Spring 2015 Program – Chinese Ethnic Minority Textiles with Susan Weitzman Conway

TASA recently presented its Spring, 2015 program featuring the textiles of traveler, collector and dealer Susan Weitzman Conway.  Beginning with a trip in the late 90s, Susan Conway has traveled to remote areas of China learning about the ethnically diverse cultures of the people who live there and acquiring their textiles, jewelry and other artifacts.  In 2006, a selection of Susan’s Miao textiles were exhibited at the Birmingham Museum: “Amongst the Clouds: Textiles of the Miao People from Southwest China.”  The Miao, who are related to the Hmong of SE Asia, trace their history back 5,000 years to China’s Yellow River Valley. They are China’s largest minority group and have a distinct and exceptional tradition of embroidered textiles. The intricate designs and patterns of Miao baby carriers and festival dress tell the stories of the Miao people.

The presentation was given at the SEFAA center in conjunction with that organization’s April meeting.

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Submitted by Gail Goodwin.

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Save the Date: 2015 Winter Program and Trunk Sale

REIMANN FAMILY COLLECTION OF ASIAN TEXTILES
and pieces from the JUNCO SATO POLLACK COLLECTION

SATURDAY, FEBRUARY 28; 11 AM – 2:30 PM; Program, 11 AM 

Location: Home of Anne Godsey: 1795 High Trail, Atlanta, Georgia 30339

RSVP: gvgoodwin@aol.com, Free for TASA members and guests

Dr. Peter Reimann and his wife, Dr. Myunghee Kim, were passionate about textiles and started collecting the in the 1980s. Their collection includes textiles from Asia, South America and Africa, obtained both from their travels and from well established textile dealers around the world.  Part of their collection of Filipino textiles was purchased by the Textile Museum in Washington, D.C.  The selection to be shown on February 28th is a very small sampling of textiles from Asia, mainly Southeast Asia and India.  Junco Sato Pollack is also sharing a selection of her educational textiles, chosen to complement the textiles in the Reimann collection. They provide excellent examples of various techniques and styles of weaving.  The Reimann’s daughter, Dr. Kim Reimann, who is a Georgia State University faculty member, will be present during the program and sale.  Images of some of the pieces from this collection are featured below.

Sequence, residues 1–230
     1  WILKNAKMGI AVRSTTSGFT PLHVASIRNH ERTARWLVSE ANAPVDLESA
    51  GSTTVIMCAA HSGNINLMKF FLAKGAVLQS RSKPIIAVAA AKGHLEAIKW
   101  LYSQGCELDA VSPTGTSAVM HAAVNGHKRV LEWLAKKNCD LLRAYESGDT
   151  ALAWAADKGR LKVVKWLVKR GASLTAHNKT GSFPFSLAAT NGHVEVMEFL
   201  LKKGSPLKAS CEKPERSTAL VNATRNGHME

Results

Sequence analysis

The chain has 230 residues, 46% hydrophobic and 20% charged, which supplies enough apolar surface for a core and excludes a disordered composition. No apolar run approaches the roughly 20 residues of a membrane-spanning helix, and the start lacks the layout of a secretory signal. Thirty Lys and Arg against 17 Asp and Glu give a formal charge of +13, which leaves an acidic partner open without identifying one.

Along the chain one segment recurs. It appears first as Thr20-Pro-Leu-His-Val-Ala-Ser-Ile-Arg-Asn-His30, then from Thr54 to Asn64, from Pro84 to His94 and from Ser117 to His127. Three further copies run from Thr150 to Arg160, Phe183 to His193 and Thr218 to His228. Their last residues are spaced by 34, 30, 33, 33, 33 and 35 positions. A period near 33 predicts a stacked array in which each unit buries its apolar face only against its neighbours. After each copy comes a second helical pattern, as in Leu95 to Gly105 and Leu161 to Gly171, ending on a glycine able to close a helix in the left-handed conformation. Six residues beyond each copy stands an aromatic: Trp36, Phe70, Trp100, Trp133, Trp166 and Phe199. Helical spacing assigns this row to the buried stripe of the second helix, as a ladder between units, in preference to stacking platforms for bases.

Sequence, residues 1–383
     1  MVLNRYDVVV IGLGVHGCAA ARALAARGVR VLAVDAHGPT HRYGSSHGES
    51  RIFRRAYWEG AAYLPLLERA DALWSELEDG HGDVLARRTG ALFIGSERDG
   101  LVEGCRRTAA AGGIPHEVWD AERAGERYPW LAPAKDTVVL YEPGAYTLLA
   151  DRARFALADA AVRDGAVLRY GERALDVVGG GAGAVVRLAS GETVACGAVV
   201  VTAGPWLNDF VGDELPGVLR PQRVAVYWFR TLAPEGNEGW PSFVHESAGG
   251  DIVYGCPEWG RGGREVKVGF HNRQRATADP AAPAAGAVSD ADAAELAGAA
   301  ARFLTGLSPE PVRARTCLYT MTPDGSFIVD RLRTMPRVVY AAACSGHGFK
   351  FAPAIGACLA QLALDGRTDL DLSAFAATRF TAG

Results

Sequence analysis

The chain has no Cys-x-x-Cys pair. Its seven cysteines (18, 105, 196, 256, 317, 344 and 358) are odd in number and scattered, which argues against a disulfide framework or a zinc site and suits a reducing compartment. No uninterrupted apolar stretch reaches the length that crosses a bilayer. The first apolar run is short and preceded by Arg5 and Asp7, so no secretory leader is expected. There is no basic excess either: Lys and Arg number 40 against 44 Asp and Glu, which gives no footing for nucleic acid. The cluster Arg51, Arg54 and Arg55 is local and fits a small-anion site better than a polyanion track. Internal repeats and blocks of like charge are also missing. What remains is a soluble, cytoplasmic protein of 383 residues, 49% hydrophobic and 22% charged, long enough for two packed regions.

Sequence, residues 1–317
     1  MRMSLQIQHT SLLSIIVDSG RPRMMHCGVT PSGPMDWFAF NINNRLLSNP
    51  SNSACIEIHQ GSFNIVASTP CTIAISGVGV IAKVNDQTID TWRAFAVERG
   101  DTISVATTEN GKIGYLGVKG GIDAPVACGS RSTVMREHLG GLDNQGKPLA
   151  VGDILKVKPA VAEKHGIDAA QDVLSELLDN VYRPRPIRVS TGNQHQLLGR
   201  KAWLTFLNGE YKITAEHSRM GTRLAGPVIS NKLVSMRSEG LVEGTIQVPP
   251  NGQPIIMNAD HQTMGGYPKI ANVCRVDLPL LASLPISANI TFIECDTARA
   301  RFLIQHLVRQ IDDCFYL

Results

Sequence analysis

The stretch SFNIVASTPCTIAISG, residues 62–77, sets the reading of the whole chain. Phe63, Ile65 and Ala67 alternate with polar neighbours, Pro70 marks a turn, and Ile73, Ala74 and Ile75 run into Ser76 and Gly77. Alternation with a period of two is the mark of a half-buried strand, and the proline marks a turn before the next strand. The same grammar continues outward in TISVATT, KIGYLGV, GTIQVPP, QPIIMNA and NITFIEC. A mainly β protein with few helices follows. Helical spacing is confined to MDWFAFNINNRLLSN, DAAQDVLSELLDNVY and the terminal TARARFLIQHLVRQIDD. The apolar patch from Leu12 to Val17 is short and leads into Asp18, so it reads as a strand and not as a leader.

Note that only checks and cash will be accepted at the trunk sale.  Installment payments can be arranged.

Submitted by Gail Goodwin

 

JP-15 JP-13&14 JP-12 JP-1 _12 _6C _1

Fall 2014 Program Recap

As the year draws to a close, let’s look back at the Safekeeper Vest Trunk Show and presentation.  This event was a brilliant success (images below).  We sold 18 vests and made $400 for TASA which we are putting toward a textile/fiber art African object for the High Museum’s African collection!  Much to look forward to in 2015.  Stay tuned!

Submitted by Kathy Colt and Gail Goodwin

 

TASA Events Brief: Fall, 2014

TASA will be sponsoring the following 2 events this fall. 

Friday, September 26:

“Brides of Anansi” tour at Spellman College, arranged by Michael Mack and co-sponsored with SEFAA.

Admission fees for TASA members paid for by TASA; $3 for guests.  See the sidebar for a link to the Spellman site.  Click here for TASA/SEFAA details.

TASA’s Fall Program: Saturday, October 25: 

Safekeeper Vest trunk sale and presentation by Junco Sato Pollack

Invitation will be coming soon.  10-1 PM at the home of Clara O’Shea.  Free to TASA members and friends.

Summer Program Recap

On June 21, Marilyn Murphy from Cloth Roads presented a program to SEFAA, TASA and The Chattahoochee Handweavers Guild. Cloth Roads is a fair and sustainable commerce marketplace for fiber artists from around the world. Purchases from Cloth Roads help artisans and communities, especially women and girls, to flourish.

Out of the many cooperative groups Cloth Roads represents, Marilyn selected four groups from four different areas of the world to spotlight in her presentation. She shared an example of a product produced in each group:

  • A scarf from the OckPopTok weavers in Laos.
  • A runner from The Center for Traditional Textiles in Cuzco, Peru, founded by Nilda Callanaupa Alvarez
  • Handspun white kid mohair yarn from Tajikistan/
  • A wild silk scarf from Madagascar.

Following the program, attendees had an opportunity to shop in a marketplace of Cloth Roads fiber products. An amazing variety and quantity of beautiful and high quality items from around the world were for sale: bags, table runners, blouses, shawls, scarves, hats, yarns, tie-dyed cotton squares, baskets, textile hangers, and more.

Submitted by Gail Goodwin